We started around 7:30 am and I had Mark cast with some gear for pike. He used a large spoon. After about 5 or 6 casts he set the hook into a huge fish! Was it a 15lb+ northern? Maybe a foul-hooked giant carp? I didn’t know. It ran out a lot of line, then turned, ran some more and kept digging and pumping. We saw some gold! It was a giant drum! It pulled as good as any musky I saw all week long. That’s not an exaggeration. These members of the drum/redfish family fight hard! This one probably weighed 12 to 14lbs. Great fish and Mark was very impressed. I just wasn’t expecting a drum to hit a large spoon. Mark said it looked almost exactly like the redfish he’d caught except was thicker bodied and lacked the spot near the tail.

Then we went to the gar fishing on the fly. They were stacked as I have never witnessed before. They weren’t super aggressive, but they provided a lot of sport. Mark had a ton of follows and short hits and he managed to land four, including one nice one that I had to throw overboard when it went crazy. So I wasn’t able to measure that one but I had to save my hands! Mark also caught a 12″ bonus bass on the fly.

We then decided to run out to Lake Ontario. I love Lake Ontario and I think we have some great fishing there ahead of us in the future. But the bait situation is what it is. Mark was up for anything so I headed us out into the deeps. Why not try some vertical jigging? We set up around 60′ FOW and as I dropped my temp probe Mark dropped his jig. The north winds set up a fairly deep thermocline (for the Fingers, but average for LO) and I had 61 degrees on the bottom. Mark actually had a follow down there! Too warm for lakers and probably too deep for smallmouth this time of year, so I’d guess brown trout.

We went out deeper and Mark had a very aggressive fish chase his jig up. Was it an immature King? Nope – after a short battle I slid the net under a fat 26″ steelhead! The first we’ve landed on a jig in Lake Ontario. It was in great condition and we let it go and it took off. Some steelheader will be happy. Running deeper I found a pile of bait on bottom. Oh wait, there isn’t much bait east of Rochester. It was a pile of lakers! Mark found out as he landed a 20″ Canandaigua sized fish. No other fish landed. Awesome 2 hours of jigging! And I expect this fishing to continue like this for years. We’ve now taken Kings, Browns, Lakers and finally a Steelhead vertically jigging in deep water (during the summertime open water season) on Lake Ontario. And a lot of people said it couldn’t be done. If I lived away from the Fingers and closer to Lake Ontario you can bet I’d be specializing in jigging salmonids out there on the “big lake.” And anyone who says the lake still has a lot of bait in it probably fishes the same small radius. We didn’t see squat out of Sodus and I have decent electronics and know how to use them. The chase of that steelhead spoke volumes regarding how hungry these fish are. They are expected to do alright after the alewives collapse.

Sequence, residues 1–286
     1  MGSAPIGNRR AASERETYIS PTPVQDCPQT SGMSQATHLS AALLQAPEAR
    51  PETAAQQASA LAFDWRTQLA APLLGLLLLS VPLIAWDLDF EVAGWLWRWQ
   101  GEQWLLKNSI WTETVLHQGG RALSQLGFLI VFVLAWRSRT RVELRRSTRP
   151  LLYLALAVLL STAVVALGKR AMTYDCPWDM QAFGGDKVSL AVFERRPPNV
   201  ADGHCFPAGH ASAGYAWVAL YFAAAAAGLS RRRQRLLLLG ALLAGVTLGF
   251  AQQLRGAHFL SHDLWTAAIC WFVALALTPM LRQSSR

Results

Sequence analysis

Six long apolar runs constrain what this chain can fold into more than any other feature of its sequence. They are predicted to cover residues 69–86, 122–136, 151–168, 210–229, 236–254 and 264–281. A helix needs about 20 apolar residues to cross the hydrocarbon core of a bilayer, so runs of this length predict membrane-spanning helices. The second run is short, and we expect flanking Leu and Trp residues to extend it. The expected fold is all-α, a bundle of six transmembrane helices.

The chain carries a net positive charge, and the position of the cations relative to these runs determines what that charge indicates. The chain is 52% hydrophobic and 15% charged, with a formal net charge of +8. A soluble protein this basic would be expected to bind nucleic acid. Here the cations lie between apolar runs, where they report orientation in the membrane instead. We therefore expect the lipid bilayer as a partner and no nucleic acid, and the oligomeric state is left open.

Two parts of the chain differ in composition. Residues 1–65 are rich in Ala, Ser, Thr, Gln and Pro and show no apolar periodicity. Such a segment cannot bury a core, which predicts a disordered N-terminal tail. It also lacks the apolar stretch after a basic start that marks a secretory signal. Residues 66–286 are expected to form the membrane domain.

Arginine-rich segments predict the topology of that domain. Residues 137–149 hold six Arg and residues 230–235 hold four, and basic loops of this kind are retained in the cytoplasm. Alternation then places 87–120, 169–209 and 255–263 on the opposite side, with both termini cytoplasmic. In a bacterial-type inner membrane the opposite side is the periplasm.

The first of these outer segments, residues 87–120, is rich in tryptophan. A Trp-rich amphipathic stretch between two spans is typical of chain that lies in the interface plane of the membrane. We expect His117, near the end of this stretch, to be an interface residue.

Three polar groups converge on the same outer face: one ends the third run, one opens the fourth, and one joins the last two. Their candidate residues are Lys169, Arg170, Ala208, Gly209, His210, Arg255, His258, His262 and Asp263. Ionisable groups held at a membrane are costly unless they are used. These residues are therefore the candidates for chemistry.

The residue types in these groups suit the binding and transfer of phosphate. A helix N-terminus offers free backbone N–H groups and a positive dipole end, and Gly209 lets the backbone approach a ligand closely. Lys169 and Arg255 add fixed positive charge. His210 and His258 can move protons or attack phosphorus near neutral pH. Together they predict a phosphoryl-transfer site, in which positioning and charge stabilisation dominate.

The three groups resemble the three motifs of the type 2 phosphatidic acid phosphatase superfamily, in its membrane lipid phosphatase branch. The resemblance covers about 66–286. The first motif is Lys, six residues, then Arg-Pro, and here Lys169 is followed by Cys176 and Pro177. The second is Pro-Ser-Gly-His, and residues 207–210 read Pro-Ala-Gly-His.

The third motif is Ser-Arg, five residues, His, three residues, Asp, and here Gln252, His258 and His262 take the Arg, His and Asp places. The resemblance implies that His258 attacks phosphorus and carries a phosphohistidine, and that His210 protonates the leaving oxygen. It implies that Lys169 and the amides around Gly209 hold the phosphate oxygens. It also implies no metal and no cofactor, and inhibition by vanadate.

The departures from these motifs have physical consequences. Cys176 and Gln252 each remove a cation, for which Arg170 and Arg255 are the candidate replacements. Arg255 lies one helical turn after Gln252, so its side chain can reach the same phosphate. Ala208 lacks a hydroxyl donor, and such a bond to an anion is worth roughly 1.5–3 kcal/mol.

6/25: Cayuga Lake out of Long Point – Well today was back to the homeland. We started at 5:30 am today and had terrific jigging throughout the AM then a slow pick the rest of the day. Greg and his nephew Adam landed around 24 solid lakers up to 30″. Also one dink salmon. Great fishing and two lampreys came up that won’t be killing any more trout.

Regarding the Cayuga Lake Elite BASS event. I’m not thrilled with smallmouths being removed from their beds midlake and being hauled up north given the huge goby population on Cayuga, but that’s the way it goes. The pros have been doing a great job landing some tremendous bags of fish. This lake is fishing better than Lake Champlain now for bass – at least largemouths. Hopefully the clubs won’t go tournament crazy here over the next bunch of years, but I think that’s wishful thinking. There was a great little article on Bassmaster praising pickerel, which I thought was cool. Some people get it, some don’t. They are a cool gamefish and I’m glad we have them.